September is the time of year to get out and investigate the hedgerows. There are all sorts of fruits and berries waiting to be picked by eager hands: sloes, rosehips, blackberries, damsons and apples can all be found with a little searching and bravery. I say bravery because foraging is always fraught with a small amount of danger, for instance, a wasp can easily be inhaled if you become distracted by a particularly juicy apple.
Foraging for food is immensely enjoyable not least because you’re getting something for nothing. It allows you to connect with the land and fully appreciate where the food has come from giving you an excuse to be a bona fide Ray Mears. If you do go out to scrounge the shrubbery make sure you’re meant to be there and haven’t inadvertently strutted into someone’s garden and started handling their hydrangeas. It goes (almost) without saying to be careful that what you are picking is indeed what you intended to pick and you haven’t confused your rosehips and laurels.
If a day outside avoiding thorns, stinging nettles and falling down ditches doesn’t appeal to you then farmers’ markets and greengrocers may be able to provide some or all of your berry needs. They also make an excellent hunting ground for more unusual apple and pear varieties.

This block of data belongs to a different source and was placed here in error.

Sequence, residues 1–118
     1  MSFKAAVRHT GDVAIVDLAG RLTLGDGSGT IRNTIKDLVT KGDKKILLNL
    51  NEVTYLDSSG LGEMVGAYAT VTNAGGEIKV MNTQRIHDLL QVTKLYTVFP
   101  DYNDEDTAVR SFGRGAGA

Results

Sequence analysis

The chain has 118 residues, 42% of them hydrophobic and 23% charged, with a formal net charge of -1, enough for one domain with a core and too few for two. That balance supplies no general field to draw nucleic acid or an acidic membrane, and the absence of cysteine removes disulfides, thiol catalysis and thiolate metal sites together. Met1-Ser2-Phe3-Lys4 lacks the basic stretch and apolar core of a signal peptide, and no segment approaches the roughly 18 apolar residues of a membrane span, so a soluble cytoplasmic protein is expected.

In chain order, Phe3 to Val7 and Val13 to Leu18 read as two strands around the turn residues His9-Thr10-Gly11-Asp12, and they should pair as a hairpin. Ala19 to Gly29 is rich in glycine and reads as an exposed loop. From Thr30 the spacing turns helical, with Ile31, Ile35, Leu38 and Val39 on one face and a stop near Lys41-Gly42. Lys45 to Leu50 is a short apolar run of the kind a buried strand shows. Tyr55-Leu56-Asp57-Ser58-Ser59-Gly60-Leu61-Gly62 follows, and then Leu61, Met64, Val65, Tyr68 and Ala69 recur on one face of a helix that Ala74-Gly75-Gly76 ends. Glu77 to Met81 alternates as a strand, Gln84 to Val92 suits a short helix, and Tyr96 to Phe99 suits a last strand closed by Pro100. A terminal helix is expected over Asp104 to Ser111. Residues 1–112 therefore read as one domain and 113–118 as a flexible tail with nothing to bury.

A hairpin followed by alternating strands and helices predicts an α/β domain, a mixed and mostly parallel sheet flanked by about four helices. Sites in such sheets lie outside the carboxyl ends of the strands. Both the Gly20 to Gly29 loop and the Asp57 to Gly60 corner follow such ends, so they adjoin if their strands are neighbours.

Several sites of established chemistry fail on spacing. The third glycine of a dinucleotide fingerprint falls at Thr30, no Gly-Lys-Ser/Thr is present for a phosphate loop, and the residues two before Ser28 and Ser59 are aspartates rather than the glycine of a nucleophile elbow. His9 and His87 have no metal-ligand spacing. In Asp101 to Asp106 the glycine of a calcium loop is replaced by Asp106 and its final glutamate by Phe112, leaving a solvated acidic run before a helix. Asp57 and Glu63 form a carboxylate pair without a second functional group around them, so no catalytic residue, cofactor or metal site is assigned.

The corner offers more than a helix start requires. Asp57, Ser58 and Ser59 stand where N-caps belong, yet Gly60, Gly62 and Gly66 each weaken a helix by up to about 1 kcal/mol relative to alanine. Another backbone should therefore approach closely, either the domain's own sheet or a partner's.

Making your own infused gin is always great fun; first there’s the mixing, then there’s the waiting and finally there’s the tasting. Then there’s always the great debate; what do I do with the leftover gin soaked fruit? Last year I came up with a few good ways to use up the excess and have other plans this year too. I decided to make damson gin this year rather than sloe gin as the sloes are a bit thin on the ground and I’ve not tried it with damsons before.
You will need:
1 litre gin
Roughly a 2 litre receptacle
You need to ensure that the damsons and gin can mix together effectively over time. You can achieve this either by putting the damsons in to the freezer so that the skins crack or you can prick each damson a few times with a pin. I chose the latter option this year and found it to be extremely satisfying taking a far shorter time than I envisaged.
Clean out your chosen container; old bottles, Tupperware, Kilner jar or Rumtopf and put the sugar in the bottom.
Add your frozen fruit or prick with a pin as you add each one then pour in the gin. Give it a shake to mix the sugar in and then agitate it every day until all the sugar had dissolved.
Then just agitate it every so often leaving it for at least three months.
After three months it is worth giving it a taste to see how it’s getting on. If it’s how you like it, drain the gin off and get your thinking cap on. You can always just add more fresh gin to make another batch if you’re not feeling creative on draining day. This year not only do I have a new flavour of gin to look forward to but I also have new recipes to think of and create when the gin has gone. What better way to spend a January day than with booze soaked fruit and probably some pastry.